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J Alzheimers Dis. 2011;23(2):221-37. doi: 10.3233/JAD-2010-101035.

Automated detection of amyloid-β-related cortical and subcortical signal changes in a transgenic model of Alzheimer's disease using high-field MRI.

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  • 1Department of Psychiatry, University of Rostock, Rostock, Germany.

Abstract

In vivo imaging of amyloid-β (Aβ) load as a biomarker of Alzheimer's disease (AD) would be of considerable clinical relevance for the early diagnosis and monitoring of treatment effects. Here, we investigated automated quantification of in vivo T2 relaxation time as a surrogate measure of plaque load in the brains of ten AβPP/PS1 transgenic mice (age 20 weeks) using in vivo MRI acquisitions on a 7T Bruker ClinScan magnet. AβPP/PS1 mice present with rapid-onset cerebral β-amyloidosis, and were compared with eight age-matched, wild-type control mice (C57Bl/6J) that do not develop Aβ-deposition in brain. Data were analyzed with a novel automated voxel-based analysis that allowed mapping the entire brain for significant signal changes. In AβPP/PS1 mice, we found a significant decrease in T2 relaxation times in the deeper neocortical layers, caudate-putamen, thalamus, hippocampus, and cerebellum compared to wildtype controls. These changes were in line with the histological distribution of cerebral Aβ plaques and activated microglia. Grey matter density did not differ between wild-type mice and AβPP/PS1 mice, consistent with a lack of neuronal loss in histological investigations. High-field MRI with automated mapping of T2 time changes may be a useful tool for the detection of plaque load in living transgenic animals, which may become relevant for the evaluation of amyloid lowering intervention effects in future studies.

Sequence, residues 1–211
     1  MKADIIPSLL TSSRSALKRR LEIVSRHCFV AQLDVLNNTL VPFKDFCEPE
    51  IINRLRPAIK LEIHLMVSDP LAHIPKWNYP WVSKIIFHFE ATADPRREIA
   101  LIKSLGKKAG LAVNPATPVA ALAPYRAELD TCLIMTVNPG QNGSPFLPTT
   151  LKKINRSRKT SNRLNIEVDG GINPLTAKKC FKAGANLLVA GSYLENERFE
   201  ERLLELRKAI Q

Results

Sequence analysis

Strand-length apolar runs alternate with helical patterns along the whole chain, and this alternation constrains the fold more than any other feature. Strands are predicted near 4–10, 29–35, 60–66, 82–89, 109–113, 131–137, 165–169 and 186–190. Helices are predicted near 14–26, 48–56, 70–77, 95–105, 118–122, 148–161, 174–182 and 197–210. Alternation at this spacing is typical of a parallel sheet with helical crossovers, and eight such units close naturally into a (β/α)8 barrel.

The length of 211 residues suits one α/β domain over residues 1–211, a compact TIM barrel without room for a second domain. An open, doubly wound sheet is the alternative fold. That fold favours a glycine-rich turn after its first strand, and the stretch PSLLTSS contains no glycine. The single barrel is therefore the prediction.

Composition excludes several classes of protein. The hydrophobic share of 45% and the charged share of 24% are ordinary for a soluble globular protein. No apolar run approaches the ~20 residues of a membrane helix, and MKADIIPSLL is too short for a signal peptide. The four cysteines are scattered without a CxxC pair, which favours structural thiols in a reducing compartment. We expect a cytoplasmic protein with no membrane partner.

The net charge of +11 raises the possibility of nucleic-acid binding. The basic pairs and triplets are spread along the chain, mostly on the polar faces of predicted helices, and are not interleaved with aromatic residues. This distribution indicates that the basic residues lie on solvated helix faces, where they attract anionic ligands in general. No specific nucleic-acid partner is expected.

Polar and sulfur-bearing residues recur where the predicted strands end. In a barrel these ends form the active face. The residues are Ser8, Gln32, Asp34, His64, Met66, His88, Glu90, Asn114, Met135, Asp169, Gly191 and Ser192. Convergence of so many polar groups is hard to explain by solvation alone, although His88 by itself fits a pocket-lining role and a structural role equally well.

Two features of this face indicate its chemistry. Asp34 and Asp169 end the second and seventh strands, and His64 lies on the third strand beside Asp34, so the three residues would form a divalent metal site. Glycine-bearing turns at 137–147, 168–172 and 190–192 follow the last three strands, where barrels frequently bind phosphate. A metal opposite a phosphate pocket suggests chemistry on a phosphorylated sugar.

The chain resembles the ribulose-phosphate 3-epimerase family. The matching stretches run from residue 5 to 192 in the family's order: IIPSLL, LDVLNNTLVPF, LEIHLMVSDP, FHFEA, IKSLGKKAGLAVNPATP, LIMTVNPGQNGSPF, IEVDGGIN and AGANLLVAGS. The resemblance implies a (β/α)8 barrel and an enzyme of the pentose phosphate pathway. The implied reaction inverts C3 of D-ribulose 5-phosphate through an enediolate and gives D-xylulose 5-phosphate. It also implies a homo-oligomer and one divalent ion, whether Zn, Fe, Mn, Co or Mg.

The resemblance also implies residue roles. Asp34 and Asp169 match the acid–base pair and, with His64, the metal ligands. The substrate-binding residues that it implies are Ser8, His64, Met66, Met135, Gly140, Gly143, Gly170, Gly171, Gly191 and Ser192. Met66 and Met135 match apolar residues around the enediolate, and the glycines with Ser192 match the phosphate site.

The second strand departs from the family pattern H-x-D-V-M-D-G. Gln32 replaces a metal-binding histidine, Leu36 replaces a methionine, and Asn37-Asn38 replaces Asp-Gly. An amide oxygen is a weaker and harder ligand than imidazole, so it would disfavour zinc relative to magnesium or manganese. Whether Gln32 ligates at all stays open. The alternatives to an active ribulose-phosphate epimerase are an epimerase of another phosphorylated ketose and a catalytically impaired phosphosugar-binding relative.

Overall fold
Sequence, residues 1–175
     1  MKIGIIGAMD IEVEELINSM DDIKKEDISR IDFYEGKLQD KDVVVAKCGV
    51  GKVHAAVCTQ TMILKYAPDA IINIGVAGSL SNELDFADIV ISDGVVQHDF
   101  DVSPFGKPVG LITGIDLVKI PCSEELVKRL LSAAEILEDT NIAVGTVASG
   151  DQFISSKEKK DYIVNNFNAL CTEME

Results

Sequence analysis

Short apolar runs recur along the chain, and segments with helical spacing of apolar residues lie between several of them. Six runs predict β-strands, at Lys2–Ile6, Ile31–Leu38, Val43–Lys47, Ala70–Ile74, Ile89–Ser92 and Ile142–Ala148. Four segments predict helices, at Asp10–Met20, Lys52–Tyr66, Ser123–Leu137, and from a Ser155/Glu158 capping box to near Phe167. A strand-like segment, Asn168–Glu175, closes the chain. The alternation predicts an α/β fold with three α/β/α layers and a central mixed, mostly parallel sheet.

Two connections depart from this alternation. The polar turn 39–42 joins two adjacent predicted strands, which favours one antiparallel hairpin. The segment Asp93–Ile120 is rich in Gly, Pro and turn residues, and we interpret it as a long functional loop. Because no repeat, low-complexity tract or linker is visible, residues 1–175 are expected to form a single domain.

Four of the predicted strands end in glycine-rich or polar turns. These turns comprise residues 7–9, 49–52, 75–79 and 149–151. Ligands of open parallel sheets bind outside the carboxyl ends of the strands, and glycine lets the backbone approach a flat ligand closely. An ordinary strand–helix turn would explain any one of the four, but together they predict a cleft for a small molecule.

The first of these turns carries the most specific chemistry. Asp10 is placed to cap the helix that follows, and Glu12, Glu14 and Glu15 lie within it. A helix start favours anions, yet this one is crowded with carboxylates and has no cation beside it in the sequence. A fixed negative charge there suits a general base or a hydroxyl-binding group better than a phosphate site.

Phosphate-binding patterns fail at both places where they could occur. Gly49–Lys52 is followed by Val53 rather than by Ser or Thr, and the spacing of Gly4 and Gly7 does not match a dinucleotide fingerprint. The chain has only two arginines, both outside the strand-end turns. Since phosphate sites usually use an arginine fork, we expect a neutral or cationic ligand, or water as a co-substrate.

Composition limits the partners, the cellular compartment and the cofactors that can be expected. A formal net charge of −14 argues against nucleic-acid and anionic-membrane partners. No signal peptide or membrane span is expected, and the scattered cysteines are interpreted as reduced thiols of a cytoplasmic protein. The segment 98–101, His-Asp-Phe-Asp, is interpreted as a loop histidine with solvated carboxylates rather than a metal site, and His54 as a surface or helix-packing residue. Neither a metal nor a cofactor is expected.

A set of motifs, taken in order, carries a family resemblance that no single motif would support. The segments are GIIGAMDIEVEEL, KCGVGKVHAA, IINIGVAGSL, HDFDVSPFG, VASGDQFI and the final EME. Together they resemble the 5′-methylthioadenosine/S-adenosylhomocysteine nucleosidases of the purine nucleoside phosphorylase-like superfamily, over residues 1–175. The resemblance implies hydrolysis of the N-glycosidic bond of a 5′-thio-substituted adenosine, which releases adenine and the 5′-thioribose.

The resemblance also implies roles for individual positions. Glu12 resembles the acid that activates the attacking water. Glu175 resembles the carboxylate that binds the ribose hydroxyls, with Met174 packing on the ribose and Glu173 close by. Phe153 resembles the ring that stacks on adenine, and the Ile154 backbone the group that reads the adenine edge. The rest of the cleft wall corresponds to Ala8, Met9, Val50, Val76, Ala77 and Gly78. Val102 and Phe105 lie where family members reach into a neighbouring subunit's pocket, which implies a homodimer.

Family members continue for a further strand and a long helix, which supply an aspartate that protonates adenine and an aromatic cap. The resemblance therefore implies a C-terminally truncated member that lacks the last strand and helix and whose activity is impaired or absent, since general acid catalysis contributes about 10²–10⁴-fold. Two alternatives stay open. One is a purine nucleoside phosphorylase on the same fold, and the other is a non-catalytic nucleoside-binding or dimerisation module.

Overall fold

PMID:
20966552
[PubMed - indexed for MEDLINE]
PMCID:
PMC3030673
Free PMC Article

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